Opinion | Liddick: Lessons from a college admission scandal | SummitDaily.com

Opinion | Liddick: Lessons from a college admission scandal

Morgan Liddick
On Your Right
Morgan Liddick lives in Summit County. His column appears in every Tuesday in the Summit Daily News.
btrollinger@summitdaily.com

Have we learned anything yet from the ongoing college admission scandal? Probably not.

We already knew that many of the well-off and famous tend to spend money to get their way, have little appreciation for rules, regard most other people as flotsam, and in general are a pack of spoiled jerks who have children much like themselves. And that these negative characteristics are orders of magnitude worse for those who have marinated for decades in the public adulation that is a biproduct of working in Hollywood.

We knew that these folks have access to higher education through routes unavailable to most ordinary folks. If one is super rich, donates a building to Vinecovered University, then one’s offspring are likely to receive more favorable treatment in VU’s admissions process than might otherwise be the case. If one is merely rich, but graduates from VU to become a generous and famous alumnus, a “legacy admission” just might be available.

So if we have learned anything from this scandal, it might be that the Hollywood set most involved in this scandal are well-off but not super rich; that they are remarkably stupid; and that their children — at least in Lori Loughlin’s case — are even duller.

Case in point is Loughlin’s daughter Olivia Jade, a YouTube celebrity and proof, if any be needed in the wake of Paris Hilton and the Kardashians, that a functioning brain is unnecessary to human life. The beneficiary of mommy’s financial largess and finagling, once ensconced a student at the University of Southern California, produced and put online a video announcing that she was not really at the university for its academics, but rather for the beer and football — and that she would have to “talk to her deans” about her schedule. One might assume that she has now talked to them about other things.

Yes, USC is picky for a state school in California. Its acceptance rate was 17 percent last year — not as picky as Stanford’s 9.5 percent, but picky. But really, who pays a $500,000 backhander to get their child into a state school, when all it takes is studiousness, a little initiative, some creativity and a demonstrated thirst for knowledge?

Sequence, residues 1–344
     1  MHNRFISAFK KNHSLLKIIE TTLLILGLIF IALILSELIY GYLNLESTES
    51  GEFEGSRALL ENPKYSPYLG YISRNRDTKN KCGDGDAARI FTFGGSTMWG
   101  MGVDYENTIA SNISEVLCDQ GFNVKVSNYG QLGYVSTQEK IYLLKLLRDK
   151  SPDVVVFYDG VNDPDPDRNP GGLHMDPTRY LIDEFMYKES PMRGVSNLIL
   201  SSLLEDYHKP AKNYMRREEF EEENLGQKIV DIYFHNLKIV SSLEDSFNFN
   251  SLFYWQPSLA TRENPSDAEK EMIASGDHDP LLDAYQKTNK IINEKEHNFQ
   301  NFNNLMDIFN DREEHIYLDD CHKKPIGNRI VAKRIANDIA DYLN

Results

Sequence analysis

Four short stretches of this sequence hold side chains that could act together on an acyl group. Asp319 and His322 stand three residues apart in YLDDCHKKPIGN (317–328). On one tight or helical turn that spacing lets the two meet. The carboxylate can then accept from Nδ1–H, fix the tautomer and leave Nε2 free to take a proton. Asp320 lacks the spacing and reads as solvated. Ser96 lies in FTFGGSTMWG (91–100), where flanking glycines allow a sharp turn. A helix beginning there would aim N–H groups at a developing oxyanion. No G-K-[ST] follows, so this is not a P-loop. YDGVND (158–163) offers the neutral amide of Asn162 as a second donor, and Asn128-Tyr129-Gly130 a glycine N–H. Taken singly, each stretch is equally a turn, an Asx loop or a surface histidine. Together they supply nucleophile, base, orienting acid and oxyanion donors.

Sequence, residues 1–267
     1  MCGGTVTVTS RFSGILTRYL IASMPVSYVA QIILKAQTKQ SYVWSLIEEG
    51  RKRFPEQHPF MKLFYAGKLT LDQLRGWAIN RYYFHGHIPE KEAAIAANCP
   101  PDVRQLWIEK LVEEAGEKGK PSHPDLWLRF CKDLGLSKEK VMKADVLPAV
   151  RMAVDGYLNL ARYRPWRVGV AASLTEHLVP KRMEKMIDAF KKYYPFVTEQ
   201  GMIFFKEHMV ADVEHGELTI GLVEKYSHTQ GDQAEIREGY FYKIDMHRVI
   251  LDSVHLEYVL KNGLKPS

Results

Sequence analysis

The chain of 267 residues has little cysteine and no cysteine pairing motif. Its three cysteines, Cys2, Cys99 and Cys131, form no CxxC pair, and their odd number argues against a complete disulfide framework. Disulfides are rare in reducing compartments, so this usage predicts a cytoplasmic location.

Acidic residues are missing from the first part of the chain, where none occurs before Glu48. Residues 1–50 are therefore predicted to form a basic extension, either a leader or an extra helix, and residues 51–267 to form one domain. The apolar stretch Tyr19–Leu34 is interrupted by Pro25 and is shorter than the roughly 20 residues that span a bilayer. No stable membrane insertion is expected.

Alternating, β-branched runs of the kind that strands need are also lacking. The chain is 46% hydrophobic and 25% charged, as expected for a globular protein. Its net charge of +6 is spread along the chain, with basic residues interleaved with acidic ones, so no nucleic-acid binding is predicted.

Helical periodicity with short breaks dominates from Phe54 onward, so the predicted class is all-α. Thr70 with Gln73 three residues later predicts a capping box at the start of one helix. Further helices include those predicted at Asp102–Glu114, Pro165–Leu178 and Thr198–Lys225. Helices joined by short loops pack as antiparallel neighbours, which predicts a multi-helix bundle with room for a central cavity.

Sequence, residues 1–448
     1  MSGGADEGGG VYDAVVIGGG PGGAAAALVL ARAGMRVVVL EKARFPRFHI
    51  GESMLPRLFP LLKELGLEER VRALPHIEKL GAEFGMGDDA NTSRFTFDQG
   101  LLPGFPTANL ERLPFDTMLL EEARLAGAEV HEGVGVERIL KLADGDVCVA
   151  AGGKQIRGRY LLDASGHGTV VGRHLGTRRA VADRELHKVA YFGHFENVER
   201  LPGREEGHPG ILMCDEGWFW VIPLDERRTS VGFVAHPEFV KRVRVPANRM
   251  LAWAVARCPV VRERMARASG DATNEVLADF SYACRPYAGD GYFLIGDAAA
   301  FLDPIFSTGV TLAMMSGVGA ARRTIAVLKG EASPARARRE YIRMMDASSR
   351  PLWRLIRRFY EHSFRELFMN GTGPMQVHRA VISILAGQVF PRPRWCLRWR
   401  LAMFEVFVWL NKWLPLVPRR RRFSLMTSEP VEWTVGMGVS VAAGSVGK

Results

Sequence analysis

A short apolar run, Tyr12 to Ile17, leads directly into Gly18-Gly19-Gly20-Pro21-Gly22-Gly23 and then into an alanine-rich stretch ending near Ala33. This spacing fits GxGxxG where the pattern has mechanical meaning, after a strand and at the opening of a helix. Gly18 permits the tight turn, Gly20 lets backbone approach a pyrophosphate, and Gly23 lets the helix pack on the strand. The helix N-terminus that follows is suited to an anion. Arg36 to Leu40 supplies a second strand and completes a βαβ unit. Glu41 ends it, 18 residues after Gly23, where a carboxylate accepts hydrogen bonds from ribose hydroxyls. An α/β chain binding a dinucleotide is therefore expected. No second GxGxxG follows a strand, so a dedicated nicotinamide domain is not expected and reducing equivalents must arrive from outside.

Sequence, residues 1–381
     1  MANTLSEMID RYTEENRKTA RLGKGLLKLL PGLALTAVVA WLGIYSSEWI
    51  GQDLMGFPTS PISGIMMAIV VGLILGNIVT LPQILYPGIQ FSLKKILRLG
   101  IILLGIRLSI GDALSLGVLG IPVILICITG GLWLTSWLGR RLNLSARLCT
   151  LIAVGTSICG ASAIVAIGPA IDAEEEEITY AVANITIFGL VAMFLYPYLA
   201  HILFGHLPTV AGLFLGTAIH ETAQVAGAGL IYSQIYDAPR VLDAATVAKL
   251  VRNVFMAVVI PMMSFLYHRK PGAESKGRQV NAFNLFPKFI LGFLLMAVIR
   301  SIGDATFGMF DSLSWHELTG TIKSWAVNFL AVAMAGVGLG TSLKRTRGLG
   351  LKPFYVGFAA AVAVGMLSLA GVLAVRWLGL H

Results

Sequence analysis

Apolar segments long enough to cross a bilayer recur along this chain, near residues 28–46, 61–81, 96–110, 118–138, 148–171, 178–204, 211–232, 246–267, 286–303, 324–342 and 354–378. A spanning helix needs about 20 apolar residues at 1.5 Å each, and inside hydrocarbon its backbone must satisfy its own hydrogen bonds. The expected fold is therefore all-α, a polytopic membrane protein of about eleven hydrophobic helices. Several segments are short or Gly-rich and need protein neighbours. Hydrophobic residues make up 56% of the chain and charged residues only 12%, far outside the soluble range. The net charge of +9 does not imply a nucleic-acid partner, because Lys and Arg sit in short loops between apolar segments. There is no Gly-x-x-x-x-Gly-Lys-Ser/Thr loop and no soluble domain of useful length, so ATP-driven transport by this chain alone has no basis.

People who have money, but whose children lack the other characteristics.

What this scandal might really inform us about is the state of mind among Hollywood’s Smart Set — and the state of academics at the nation’s top universities. To the extent that the payola and cheating this scandal exposes is a product of concern for the welfare of one’s children, it is understandable if not laudable. One wishes the best for one’s offspring, and the parents in question had the means, if not the wit, to do something about it — think über-helicopter parents. It was their methodology that was criminal, and damaging to boot. In doing what they did, they provided living examples to their children that lying and cheating are perfectly acceptable as long as they bring the desired results. In doing so they were creating not balanced, self-sufficient adults who appreciate the value of work, but ego-driven sociopathic shortcutters. Call it an advanced form of child abuse that steals from the future ability to function in the face of challenges, to feed present appetites.

There are also implications for academic standards raised eloquently by Harvard Professor Emeritus Alan Dershowitz, who noted that “sixty years ago, this couldn’t work because these students would fail out.” Paying one’s way in wouldn’t get a student anything but quick dismissal. Now, however, “nobody fails, and today nobody gets bad grades.” Not even Cs. This collapse of academics is the dark underside of the current admissions scandal, the unmentioned betrayal of purposeful learning that makes it all possible.

Furthermore, if one’s time and resources are unlimited, one can spend a very long time in the pleasant and undemanding atmosphere of a college campus. Typically a USC freshman takes six years to receive an undergraduate degree; others take eight, bouncing from major to major until settling on the least-demanding field.

Which will create problems upon graduation, because the wage such a student is likely to earn will be inadequate to provide a future corresponding to expectations. At which point the betrayal will be complete. The young adult with few marketable skills but an enormous sense of self-worth nurtured both by overgenerous parents and indulgent institutions will be loosed on an indifferent and demanding world. Expect tears, then rage, then wrecking. What a shameful and easily-avoided end.

Shame on you, Lori Loughlin. Shame on you, Felicity Huffman. Shame on you, William Singer. And on you, USC. And on the rest of you who were involved. In your egoism, your cupidity, your uncaring thirst for the easy way out, you damaged us all.

Shame on you.

Morgan Liddick writes weekly column for the Summit Daily News.


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